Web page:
Can the clothing of master and enslaved serve as a microcosm of 18th century thoughts on race, place, and social position? What can clothes teach us about life and perception on a Virginia plantation? How did slave-owners use clothing to reinforce their position? How did the enslaved use clothing to navigate beyond their position? Those are the big questions I’ll be asking this summer as I live and work on George Washington’s Mount Vernon estate. A few weeks ago, I got the good news that I was chosen as a Lifeguard Teaching Fellow for 2017-2018 and will get to spend three weeks in Alexandria researching and creating lesson plans for use by teachers through the education wing of Mount Vernon.
Screenshot from Mount Vernon website
This will be my second time at Mount Vernon. I was accepted into a week-long George Washington Teacher Institute in 2016, where I was able to explore Washington as I think he preferred to be known: an innovative farmer/entrepreneur. The week featured talks by Ed Lengel, author of “First Entrepreneur: How George Washington Build His-and the Nation’s-Prosperity,” and other guest speakers. In addition to content-rich talks by scholars on Washington, Mount Vernon, and 18th century commerce, the participating teachers were given open access to the estate, toured the house, distillery, mill, upper and lower gardens, and Pioneer Farm with interpreters and historians, and collaborated with each other on ways to bring Washington’s personal world into our classrooms. I learned about the Mount Vernon Lifeguard Fellowship during the first couple days of the GWTI in summer 2016 and immediately began thinking of areas related to Washington that I’ve had a long-standing interest in. I spoke with the library staff about a few ideas and was given suggestions for books to help narrow my focus. My proposed project is “Clothing as Culture: Material Culture and Race at Mount Vernon” and will explore how the clothing of the Washington family and the enslaved defined social standing, reinforced 18th century ideas of racial superiority, and how the enslaved used clothing to navigate society on and off the estate. Through production and purchase accounts made by the Washington family, archaeology evidence from the house for families, and surviving clothes and cloth, I hope to create a course of study for teaching object- and place-based history to students at the middle and high school levels. I've created an online research journal at mvfellow.edublogs.org and will be writing about new information I discover, links to resources, and how living and working at Mount Vernon is shaping my research. I'll be cross posting some of those entries here at Live American History. Though primarily created for my use in collecting and curating content for my lesson(s), I hope the MV Fellow blog will serve as a resource you can use to add more object- and place-based history education, and more George Washington, in your classroom. Glad to have you along for the trip, MS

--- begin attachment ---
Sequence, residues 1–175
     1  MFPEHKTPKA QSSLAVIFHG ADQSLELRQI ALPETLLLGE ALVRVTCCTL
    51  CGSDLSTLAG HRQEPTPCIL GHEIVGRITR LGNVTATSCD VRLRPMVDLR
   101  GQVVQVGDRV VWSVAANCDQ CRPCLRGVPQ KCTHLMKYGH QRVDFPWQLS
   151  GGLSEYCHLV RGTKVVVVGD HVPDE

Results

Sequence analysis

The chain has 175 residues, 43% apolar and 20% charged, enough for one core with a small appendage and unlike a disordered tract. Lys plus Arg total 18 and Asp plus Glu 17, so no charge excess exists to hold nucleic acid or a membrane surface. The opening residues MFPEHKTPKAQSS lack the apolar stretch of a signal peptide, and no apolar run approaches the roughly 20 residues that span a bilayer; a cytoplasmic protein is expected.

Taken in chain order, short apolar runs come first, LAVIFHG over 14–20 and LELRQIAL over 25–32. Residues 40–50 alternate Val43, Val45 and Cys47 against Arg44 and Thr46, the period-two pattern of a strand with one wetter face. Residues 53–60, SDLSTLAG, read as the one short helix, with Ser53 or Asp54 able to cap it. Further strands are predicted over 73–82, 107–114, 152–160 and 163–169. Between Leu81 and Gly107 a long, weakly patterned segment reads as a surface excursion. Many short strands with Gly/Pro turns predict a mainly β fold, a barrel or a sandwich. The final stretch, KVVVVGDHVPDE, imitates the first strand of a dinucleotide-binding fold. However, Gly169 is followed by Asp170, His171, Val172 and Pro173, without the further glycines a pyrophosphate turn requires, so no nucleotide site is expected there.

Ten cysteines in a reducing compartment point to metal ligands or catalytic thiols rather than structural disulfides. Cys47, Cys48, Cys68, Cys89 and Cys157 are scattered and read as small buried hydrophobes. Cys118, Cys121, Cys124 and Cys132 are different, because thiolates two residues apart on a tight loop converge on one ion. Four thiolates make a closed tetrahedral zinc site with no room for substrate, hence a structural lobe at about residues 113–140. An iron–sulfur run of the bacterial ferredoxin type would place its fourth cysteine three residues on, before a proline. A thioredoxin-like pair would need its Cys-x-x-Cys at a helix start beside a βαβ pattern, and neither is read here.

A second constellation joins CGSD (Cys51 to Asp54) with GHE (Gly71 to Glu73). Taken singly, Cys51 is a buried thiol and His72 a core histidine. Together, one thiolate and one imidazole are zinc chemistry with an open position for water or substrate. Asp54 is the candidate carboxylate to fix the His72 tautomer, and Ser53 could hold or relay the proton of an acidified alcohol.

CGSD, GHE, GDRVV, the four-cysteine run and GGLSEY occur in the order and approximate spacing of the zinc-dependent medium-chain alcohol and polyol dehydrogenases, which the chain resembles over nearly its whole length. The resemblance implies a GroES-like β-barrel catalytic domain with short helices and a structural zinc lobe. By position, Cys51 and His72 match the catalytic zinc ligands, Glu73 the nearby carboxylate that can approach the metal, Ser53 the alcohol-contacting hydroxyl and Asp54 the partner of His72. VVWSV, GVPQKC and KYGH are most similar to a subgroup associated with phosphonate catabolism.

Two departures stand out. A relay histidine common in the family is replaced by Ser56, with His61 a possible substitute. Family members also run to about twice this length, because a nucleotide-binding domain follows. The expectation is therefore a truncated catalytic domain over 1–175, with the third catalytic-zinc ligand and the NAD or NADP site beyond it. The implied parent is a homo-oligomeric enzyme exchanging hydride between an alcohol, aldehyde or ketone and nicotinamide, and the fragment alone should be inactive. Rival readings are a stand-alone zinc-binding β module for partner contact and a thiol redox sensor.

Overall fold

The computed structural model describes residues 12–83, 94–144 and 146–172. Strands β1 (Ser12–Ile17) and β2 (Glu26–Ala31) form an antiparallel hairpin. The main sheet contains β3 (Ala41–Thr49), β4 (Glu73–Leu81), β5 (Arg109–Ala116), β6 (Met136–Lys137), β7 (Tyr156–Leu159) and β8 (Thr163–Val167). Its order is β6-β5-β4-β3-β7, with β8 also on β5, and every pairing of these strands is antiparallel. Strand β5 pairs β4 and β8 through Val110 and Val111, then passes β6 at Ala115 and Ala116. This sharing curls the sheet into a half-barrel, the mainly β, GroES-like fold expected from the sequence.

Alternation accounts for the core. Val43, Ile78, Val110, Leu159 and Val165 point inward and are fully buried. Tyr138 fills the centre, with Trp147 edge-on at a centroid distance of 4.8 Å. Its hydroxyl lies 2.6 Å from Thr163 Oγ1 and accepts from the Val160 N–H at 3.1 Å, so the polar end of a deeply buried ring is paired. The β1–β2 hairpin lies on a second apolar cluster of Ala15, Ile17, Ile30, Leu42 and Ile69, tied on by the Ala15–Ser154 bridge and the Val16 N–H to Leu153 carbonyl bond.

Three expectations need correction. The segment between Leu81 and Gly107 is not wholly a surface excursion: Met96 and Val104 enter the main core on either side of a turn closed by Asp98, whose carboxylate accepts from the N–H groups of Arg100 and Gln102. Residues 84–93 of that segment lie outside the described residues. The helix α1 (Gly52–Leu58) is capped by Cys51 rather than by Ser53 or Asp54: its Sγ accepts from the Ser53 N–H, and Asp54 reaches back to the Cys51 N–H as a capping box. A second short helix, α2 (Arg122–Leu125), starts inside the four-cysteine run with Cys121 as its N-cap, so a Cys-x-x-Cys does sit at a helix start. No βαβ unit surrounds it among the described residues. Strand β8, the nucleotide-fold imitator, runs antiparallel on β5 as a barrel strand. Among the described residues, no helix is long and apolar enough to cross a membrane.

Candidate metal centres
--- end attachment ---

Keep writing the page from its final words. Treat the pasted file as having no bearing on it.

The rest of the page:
One theme we explore in 7th and 8th grade American History is movement. Whether trekking across the Appalachian Mountains before the Revolution, steaming up and down the Mississippi, or navigating the dangers and adventure of the Oregon and Santa Fe trails, American history is a history of a moving people. The expansion of American railroading is a topic of great interest to me, mainly because of how it affected popular culture, material culture, politics, race relations, and the landscape. The second installment of "The Material Culture Minute" explores an object deeply tied (I will not apologize for that pun) to railroad history, a rail spike.
Below are two videos I've shown in class when discussing American rail culture. Both are the famous song about John Henry, the steel-driving man, but done in two completely different ways. The first is by George Pegram and is done in his traditional old-time way. The second is from the great bluesman, Mississippi Fred McDowell. I like students to listen to both and hypothesize why two different cultures embrace John Henry as an integral part of their folk music.
Remember, all TMCM episodes are available by selecting the link on the blog and are free to use with a Creative Commons Attribution license in your classroom, if you would like. Also, be sure to check out the TMCM #2 Resources for a transcript, links to accompanying resources, and class discussion questions. This is primarily a resource for use in my classroom next year, but you are welcome to use it to increase object-based history inquiry in your room as well.